In high school, something changed. I did not automatically give every teacher who taught me respect, just because they were my teacher. I remember in ninth grade, I had a fat history teacher. Something about his personality, whether it was his jokes, or attempt to be cool, or establish authority when he lacked the gravitas set me off. My first day at high school and in his class, he asked everyone to introduce themselves and tell him what our favorite candy. When it was my turn, I said, “Hell if I know.” He asked me if that was a good candy and if not, raising his voice, he said something to the effect of, I should watch my language and be respectful. At that point, I saw him as a joke. I joked around with him class all year long, alternating between laughing at him and laughing with him so he was never sure what I was trying to do. I told him loudly in October that he should dress up as Peter Griffin from Family Guy for Halloween. He was not sure whether to take that as a compliment or an insult. I meant it as an insult but pretended I was complimenting him. Everyone in the class laughed and knew what I was doing.
It was no better when we had substitute teachers (subs). In fact, it was worse. There was this sub, who I’ll call Miss D.. Miss D. was an Indian sub who was famous for telling “her students” to rub their stomachs and pat their heads simultaneously in order to calm themselves down. I could tell right away from meeting her that she couldn’t teach. I once had an English class with her. I toyed with her and when she finally understood I was making fun of her, she told me to go outside….which was exactly what I wanted. Outside of class I finished the assignment the teacher left behind quickly and started listening to music on my iPhone loudly so that people in the class could hear me. She came outside, saw me laying on the ground with my hands behind my back and told me to turn the music off and come back inside. All my friends enjoyed hearing that story.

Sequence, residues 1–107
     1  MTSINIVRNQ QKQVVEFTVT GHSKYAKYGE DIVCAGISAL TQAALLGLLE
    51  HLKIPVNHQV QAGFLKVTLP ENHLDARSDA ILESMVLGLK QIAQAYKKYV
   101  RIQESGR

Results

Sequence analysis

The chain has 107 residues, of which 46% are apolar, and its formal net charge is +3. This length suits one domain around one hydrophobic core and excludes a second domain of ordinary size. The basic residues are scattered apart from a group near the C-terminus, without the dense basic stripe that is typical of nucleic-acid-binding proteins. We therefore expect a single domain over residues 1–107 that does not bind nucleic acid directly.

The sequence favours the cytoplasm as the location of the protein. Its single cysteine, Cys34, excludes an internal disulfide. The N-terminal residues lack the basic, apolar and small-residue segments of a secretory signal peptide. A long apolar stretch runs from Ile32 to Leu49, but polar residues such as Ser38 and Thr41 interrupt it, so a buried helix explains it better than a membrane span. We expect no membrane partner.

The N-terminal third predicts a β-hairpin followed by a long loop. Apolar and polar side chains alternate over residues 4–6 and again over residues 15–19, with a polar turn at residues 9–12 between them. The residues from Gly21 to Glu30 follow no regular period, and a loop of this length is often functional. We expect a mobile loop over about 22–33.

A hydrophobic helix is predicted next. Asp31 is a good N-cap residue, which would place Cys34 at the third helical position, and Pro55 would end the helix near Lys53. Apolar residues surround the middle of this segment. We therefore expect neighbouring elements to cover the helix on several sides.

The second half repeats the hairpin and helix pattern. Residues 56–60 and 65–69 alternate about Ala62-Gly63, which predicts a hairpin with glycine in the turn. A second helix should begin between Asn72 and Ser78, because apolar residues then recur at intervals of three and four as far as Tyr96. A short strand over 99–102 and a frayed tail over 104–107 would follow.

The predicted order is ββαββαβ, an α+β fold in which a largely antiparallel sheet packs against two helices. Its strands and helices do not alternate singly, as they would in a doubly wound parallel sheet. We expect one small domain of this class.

My junior year, I had an AP English who could not teach. She gave out easy As and her quizzes were jokes. But she could not teach. Sometimes she would ramble on and on and on and on. I made a game of how much I could distract her from class or argue with her on things I didn’t agree with. I often got in many arguements with her. I often made fun of her. I often joked with her. And just to cover my bases and confuse her even more, I apologized once when I felt I went too far. We became “friends” and I even got her to write me good college recommendations. People, including me, complained that they were not learning anything. I think the school asked her not to come back next year.
I learned to dislike incompetence in authority. If I felt a teacher was less competent than I was, I thought she didn’t deserve to be a teacher. As I was getting older, I was realizing that adults are not the infallible creatures I thought they were.
Looking back on it, it looks as if I could sense a teacher had no authority, I would rip them to shreds. Why do I have to listen to her, I thought. She’s just a substitute teacher. She can’t teach. Why I am here?
When I was in the dorm, I got in trouble for telling a friend about what happened to me in military school. He got scared and told the school. Long story short, I got counseled, was ordered to go to a psychologist for a year a half. Part of the reason why I stayed the school was because one of dorm house parents (people who live within the dorm who teach or run the dorm) put in a good word for me. I made a point to always be friendly with the house parents, joke around with them, and tell them the truth. That way, if I really needed to lie or got in trouble, I could away with it. I started doing this with teachers as well my sophomore year, unless I sensed that the teacher was weak.
I almost always challenge authority and ask questions of people who want me to do things, especially if I do not like the tasks or things they demand of me. My respect is earned, not taken from me.
I feel like what I do to people in authority is similar to what girls do to guys (shit-tests anyone?)